Michelin: Wear Due to Bad Management

The tyre wear problems that wrecked Renault's chances of victory in the Monaco Grand Prix have been blamed on bad management of the rubber rather than any fundamental design problems

Michelin: Wear Due to Bad Management

That is the view of Michelin's motorsport boss Pierre Dupasquier, who believes that Renault duo Fernando Alonso and Giancarlo Fisichella pushing too hard in the early stages of the race, plus the extra stress the tyres were put through by the two cars being filled up with fuel early in the race, were the key factors in contributing to the team's problems.

"It is something that has to do with the basic laws of physics," said Dupasquier. "If you have more weight there's more energy around under braking and accelerating. You have to get the tyre management right and they didn't do a very good tyre management.

"They've done much better tyre management in other situations, like in Imola. But we are responsible too, because we made the choice together. Anyway, after what we have achieved at the start of the season let's not dramatise things too much."

Dupasquier is also adamant that Renault's decision to opt for the harder compound Michelin rubber did not have a major impact in the eventual problems - and the team would probably have suffered similarly if they had treated soft tyres the same.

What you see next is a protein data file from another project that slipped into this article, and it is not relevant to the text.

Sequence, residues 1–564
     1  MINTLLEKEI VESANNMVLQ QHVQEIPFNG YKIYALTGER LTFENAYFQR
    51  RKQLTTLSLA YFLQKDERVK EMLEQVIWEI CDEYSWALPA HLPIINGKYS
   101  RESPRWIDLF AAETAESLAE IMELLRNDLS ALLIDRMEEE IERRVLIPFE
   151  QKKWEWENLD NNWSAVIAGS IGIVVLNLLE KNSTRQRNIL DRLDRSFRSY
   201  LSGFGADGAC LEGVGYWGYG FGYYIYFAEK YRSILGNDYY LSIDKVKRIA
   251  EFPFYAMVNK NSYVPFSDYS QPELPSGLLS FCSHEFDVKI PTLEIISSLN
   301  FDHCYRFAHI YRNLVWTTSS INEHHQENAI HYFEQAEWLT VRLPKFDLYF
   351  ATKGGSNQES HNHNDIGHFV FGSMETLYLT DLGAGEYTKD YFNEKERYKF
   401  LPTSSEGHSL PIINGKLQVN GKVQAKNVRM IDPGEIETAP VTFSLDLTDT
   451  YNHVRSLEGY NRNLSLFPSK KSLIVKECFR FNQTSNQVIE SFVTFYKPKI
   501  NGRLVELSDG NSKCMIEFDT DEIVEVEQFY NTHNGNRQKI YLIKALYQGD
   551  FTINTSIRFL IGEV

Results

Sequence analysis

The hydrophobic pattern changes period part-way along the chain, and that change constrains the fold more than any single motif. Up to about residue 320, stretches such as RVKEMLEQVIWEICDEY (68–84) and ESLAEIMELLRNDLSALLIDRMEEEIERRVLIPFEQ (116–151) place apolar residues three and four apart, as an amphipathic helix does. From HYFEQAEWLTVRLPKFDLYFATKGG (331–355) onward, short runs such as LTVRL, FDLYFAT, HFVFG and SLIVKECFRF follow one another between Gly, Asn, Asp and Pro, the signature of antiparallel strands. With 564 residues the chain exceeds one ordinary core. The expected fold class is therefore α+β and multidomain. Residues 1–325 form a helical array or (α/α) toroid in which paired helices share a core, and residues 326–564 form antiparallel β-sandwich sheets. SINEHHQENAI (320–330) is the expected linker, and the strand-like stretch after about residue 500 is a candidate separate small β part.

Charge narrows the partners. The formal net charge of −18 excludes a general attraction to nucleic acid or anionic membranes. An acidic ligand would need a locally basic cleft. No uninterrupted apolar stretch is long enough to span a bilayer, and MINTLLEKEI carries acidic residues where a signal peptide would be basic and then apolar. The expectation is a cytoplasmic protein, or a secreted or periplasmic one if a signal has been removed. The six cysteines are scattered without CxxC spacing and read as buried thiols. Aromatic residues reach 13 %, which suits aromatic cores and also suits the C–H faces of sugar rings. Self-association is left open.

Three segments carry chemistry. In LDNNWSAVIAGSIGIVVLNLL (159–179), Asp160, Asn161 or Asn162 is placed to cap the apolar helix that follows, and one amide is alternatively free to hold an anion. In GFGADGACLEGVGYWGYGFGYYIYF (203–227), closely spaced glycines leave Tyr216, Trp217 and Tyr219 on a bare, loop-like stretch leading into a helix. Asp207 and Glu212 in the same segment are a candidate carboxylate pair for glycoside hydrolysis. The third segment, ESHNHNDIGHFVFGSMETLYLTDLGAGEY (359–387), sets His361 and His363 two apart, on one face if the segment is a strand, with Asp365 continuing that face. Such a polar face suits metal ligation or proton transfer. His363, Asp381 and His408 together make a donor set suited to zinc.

"The most important thing is to decide the good strategy beforehand," said Dupasquier. "Would choosing a softer tyre, that would spin less, be the answer? No, it wouldn't.

"You have 900bhp going into the wheels, but the amount of tyre spin is decided by the traction control. If you put softer tyres on with the same traction control settings, you don't gain in grip, because you have too much adhesion, already.

"We should have done a better preparation together, but let me be clear. If their drivers had lapped in 1m16.8s to 1m17.2s during the first part of the race instead of pushing harder, they would have finished the race with no problems at all. A better management of the tyres in the first part of the race would have certainly helped them."

When asked whether he believed the drivers should take some blame for pushing too hard in the early stages, Dupasquier had nothing but praise for the job Alonso and Fisichella did.

"Alonso did a brilliant job with the car he was given," he explained. "And even Fisichella did a great job with the shit car at the end of the race. To control the cars with the lack of grip they had was certainly not easy."

shares
comments
Sauber Drivers Summoned by Team
Previous article

Sauber Drivers Summoned by Team

Next article

Q & A with Pat Symonds

Q & A with Pat Symonds
Load comments
How Formula E factors could negate Red Bull's Jeddah practice gap to Mercedes Plus

How Formula E factors could negate Red Bull's Jeddah practice gap to Mercedes

Mercedes led the way in practice for Formula 1’s first race in Jeddah, where Red Bull was off the pace on both single-lap and long runs. But, if Max Verstappen can reverse the results on Saturday, factors familiar in motorsport’s main electric single-seater category could be decisive in another close battle with Lewis Hamilton

Formula 1
Dec 3, 2021
Why Norris doesn’t expect Mr Nice Guy praise for much longer Plus